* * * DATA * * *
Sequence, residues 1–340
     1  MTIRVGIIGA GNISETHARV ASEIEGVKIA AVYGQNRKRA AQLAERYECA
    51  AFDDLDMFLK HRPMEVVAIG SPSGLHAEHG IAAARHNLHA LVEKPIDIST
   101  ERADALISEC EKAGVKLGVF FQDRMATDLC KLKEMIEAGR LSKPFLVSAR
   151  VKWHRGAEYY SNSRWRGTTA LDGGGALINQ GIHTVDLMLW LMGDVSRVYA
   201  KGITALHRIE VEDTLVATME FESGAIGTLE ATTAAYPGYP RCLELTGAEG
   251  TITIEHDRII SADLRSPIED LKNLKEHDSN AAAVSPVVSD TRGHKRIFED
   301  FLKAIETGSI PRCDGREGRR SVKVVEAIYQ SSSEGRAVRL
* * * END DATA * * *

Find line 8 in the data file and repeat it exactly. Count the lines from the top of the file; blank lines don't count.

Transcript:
   301  FLKAIETGSI PRCDGREGRR SVKVVEAIYQ SSSEGRAVRL